Before 1945, characters who had “had a few” on film were portrayed as nothing more than a cheap laugh. The words “alcoholic” or “drunk” were taboo and not very much discussed. But when Billy Wilder made alcoholism his main character, in all of its lonely and gritty qualities, he broke new ground with The Lost Weekend.
What makes Billy Wilder a powerful storyteller is that he was a writer first. He knew how to conceive a good story, how to write dialogue and how to write dimensional characters. In my opinion, you can direct a good film but it’s the writing that really makes it sing. Before this film, audiences were already beginning to see his range. As a writer, he had written the comedies Ninotchka and Ball of Fire, his directorial debut was another comedy The Major and the Minor and his third effort in the director’s chair was the dark film noir landmark, Double Indemnity. The Lost Weekend would be another dark picture starring another actor playing against type. In Double Indemnity, you had Fred MacMurray, in The Lost Weekend, Ray Milland gives the performance of a lifetime as tortured alcoholic Don Birnam.
The film follows a four day weekend in Birnam’s life. He is writer desperately trying to finish a novel with his crippling addiction. The Lost Weekend gives an uncompromising look at the effects of alcoholism. From the first frame, you see a bottle hanging from Birnam’s apartment. That bottle of liquor once gave him so much comfort and solace has now taken his soul.
The black and white cinematography emphasizes the horror of this disease. One of my favorite techniques used in the film are shots of Birnam that are seen through liquor bottles. They show that alcohol has the upper hand in Birnam’s life. Birnam is lonely and helpless, the bottle makes him feel whole.
To reduce this film to a “message picture” diminishes it as art. One of the most innovative scenes in the film happens when Birnam is confined to a hospital. He has a disturbing hallucination involving a bat and a mouse. I won’t spoil it but it’s a climactic moment for the character. It’s horrifying and mesmerizing at the same time. Remember this is 1945! It’s shocking for sure and while it may be tame compared to addiction centered pictures of contemporary cinema (think Leaving Las Vegas and Requiem for a Dream), it’s a scene that will stay with you after the film is over.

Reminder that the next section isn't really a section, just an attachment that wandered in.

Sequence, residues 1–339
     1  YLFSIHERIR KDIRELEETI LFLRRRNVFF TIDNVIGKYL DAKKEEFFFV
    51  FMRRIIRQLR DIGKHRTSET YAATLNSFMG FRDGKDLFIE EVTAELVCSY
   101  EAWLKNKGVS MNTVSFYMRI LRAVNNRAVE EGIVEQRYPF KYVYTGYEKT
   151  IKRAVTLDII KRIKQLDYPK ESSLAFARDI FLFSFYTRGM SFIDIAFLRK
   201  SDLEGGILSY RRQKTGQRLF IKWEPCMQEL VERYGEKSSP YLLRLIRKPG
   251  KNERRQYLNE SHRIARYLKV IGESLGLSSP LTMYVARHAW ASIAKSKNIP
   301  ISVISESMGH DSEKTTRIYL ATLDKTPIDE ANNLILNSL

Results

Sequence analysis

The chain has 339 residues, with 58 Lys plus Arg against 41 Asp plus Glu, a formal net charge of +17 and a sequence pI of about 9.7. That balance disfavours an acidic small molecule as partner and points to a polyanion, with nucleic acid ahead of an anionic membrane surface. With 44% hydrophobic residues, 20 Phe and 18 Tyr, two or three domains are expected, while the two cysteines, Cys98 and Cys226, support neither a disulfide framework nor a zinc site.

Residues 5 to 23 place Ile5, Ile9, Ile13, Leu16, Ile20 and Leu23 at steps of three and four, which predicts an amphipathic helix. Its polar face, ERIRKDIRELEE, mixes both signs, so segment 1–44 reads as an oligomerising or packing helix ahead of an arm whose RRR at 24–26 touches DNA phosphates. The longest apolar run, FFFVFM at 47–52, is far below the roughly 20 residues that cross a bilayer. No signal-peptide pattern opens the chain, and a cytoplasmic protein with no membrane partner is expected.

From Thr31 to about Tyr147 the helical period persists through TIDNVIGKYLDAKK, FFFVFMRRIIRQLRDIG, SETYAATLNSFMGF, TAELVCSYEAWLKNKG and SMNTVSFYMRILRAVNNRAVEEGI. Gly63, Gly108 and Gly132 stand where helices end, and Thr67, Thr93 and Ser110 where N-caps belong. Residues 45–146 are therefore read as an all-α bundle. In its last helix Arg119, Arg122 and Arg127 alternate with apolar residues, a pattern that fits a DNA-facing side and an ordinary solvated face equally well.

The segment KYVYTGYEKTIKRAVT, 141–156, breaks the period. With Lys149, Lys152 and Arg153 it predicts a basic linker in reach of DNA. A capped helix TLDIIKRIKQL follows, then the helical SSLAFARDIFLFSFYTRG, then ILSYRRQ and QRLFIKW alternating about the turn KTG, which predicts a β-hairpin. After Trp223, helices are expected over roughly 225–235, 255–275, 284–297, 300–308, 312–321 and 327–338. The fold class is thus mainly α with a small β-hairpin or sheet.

Wilder doesn’t just show the physical ramifications of addiction, the film is psychological journey. The bottle has so much control over Birnam, we see him hide bottles throughout his New York apartment because he is so desperate to quench his thirst. It’s a desperation that turns into a loss of his own self respect as he tries to pawn off his typewriter to get money for booze, he steals for booze, this once promising writer is now doing anything he can for booze. The disease also affects his relationship with his love Helen. Not only does he lie and sneak, he’s willing to give up something that symbolizes their love. Helen and writing, the two most important things in his life are a back seat to the bottle.
Another innovation to come from The Lost Weekend is Miklos Rozsa’s haunting score. This is the first film to feature electronic music. A theremin provided an almost sci-fi like sound to the music to distort Birnam’s perception of reality during his hallucinations. It may sound out of place but it works perfectly. The sounds create a suspenseful, noirish atmosphere that pushes the story further.
The Lost Weekend was a huge risk for everyone involved. Reportedly, the liquor industry offered Paramount $5 million to not release the film. The film came out during a perfect time to address this difficult subject. WWII had ended and servicemen were coming home to lives they no longer knew. As we know now, many succumbed to alcoholism, a harsh side effect to the war’s horrors. This film is a cautionary tale that is uncomfortable and disturbing but nevertheless powerful.
The film’s risks paid off. It was nominated for seven Academy Awards and won four including Best Picture, Best Actor for Milland, and Best Adapted Screenplay. The Academy agrees with me, Billy Wilder sure knew how to tell a story.